Access 2013: It’s dangerous to go alone! How about *we* do this!?

  • Steve Marks, Nick Ruest, Graham Stewart & Amaz Taufique

Everyone has many of the same needs when looking at digital collections: digitization of collections, mixed types of content, preservation, etc.


Nick: Need long term solution:

  • recognition of benefits of preservation by decision makers e.g. written into strategic planning
  • process for selection digital materials with long term value e.g. selection committee
  • incentive for decision markers to preserve in the public interest e.g. available funds
  • appropriate organization and governance of digital preservation activities
  • mechanisms to secure an ongoing, efficient allocation of resources for digital preservation activities e.g. ongoing budget line
  • timely actions to ensure access

Should be done locally or consortially? Easier to do as a bigger team?

IT Perspective

Graham: professional road blockers. Trying instead to look at technology that will help us build digital repositories, particularly because cost going down slowly but needs growing exponentially.

Open-source solutions with fast, active release cycles, and open licenses

  • Trend 1: Server Virtualization – Very fast provisioning of machines.
  • Trend 2: Configuration management / dev ops: allow automation of large IT systems. e.g. puppet, Chef. Automate everything, wherever possible.
  • Trend 3: Hardware commditization and open source software. Intel-based servers dominant in data centres, but nothing particular to distinguish the products of different hardware vendors. The process is now all well defined. Hardware does not really matter anymore.

The open source hardware movement will encourage innovation. e.g. Open compute project is providing hardware designs with open licenses.

Now moving to software that provides the features that hardware used to do.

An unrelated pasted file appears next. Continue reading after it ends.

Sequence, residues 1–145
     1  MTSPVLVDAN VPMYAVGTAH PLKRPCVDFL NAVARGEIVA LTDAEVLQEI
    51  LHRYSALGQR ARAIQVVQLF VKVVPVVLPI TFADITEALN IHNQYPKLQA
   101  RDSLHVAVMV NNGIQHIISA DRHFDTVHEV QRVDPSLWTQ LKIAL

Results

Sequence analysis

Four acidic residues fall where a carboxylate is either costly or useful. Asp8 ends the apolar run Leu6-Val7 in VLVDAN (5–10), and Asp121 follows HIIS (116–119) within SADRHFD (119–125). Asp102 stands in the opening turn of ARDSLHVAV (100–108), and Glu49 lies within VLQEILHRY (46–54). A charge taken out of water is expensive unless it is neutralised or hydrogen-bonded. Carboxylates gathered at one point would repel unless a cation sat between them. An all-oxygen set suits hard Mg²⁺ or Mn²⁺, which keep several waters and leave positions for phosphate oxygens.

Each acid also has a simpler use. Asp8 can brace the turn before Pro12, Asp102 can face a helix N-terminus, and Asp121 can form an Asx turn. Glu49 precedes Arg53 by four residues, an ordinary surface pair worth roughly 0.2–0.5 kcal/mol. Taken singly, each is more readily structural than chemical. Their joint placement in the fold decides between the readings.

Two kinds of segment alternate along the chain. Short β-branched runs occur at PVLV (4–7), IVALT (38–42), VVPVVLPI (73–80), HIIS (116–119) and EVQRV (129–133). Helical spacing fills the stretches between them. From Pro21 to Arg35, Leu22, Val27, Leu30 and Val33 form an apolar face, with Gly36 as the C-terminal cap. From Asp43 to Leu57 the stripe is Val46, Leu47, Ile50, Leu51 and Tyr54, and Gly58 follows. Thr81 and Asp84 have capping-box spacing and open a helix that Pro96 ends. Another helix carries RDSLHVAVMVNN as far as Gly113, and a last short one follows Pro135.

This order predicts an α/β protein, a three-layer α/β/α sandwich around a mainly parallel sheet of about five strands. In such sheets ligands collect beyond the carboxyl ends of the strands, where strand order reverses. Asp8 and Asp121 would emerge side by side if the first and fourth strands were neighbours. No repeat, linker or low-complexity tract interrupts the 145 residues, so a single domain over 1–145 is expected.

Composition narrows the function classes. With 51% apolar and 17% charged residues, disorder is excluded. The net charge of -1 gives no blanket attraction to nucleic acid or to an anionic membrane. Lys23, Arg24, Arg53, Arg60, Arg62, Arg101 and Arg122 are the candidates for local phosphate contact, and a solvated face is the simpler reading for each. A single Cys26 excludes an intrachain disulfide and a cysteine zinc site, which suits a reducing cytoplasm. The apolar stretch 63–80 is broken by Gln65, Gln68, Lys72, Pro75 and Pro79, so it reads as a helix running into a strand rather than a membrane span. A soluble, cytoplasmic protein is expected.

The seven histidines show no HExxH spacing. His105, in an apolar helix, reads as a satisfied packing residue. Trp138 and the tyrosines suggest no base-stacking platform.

OCUL Storage Project

Amaz: What is the cost of storing large amounts of data (1.2 PB across OCUL)? Will cost ~$1mill per year. Thought instead: can we do this ourselves?

Using open source hardware and software, create storage nodes using commodity hardware.

  • off the shelf consumer grade disks
  • software replication
  • fixity & self healing
  • geographically distributed
  • scalable
  • object storage: access data via HTTP, build applications using REST API, static content, all files have a URL

Can interact with it using a GUI, much like S/FTP.  $420K for the 1.2PB

So What?

Steve: Really important and cool.

Interesting because, solution to help with:

  • Scholars Portal platforms
  • dataverse/other RDM initiatives
  • IRs
  • new applications
  • space in general

lots of different functional requirements:

  • autonomic digital preservation activities
  • lots of different interfaces
  • integration with HPC centres, because they have the expertise and already working with researchers

Research frequently has to be stored somewhere and restricted to Canada. A lot of content will also be born digital rather be the paper preservation we’re used to.

Important because:

  • cost
  • jurisdiction
  • self-sufficiency – should not be seeding this responsibility to a corporation via RFP


We have to do this together. We need to solve problems in a coordinated way, but distribute what can/should be distributed. Doing this in public and consultation with OCUL members, bringing back what happens to the community. Help each other achieve our goals. If this initiative is important and works across Ontario, we think it should go across Canada.

Author: Cynthia

Technologist, Librarian, Metadata and Technical Services expert, Educator, Mentor, Web Developer, UXer, Accessibility Advocate, Documentarian

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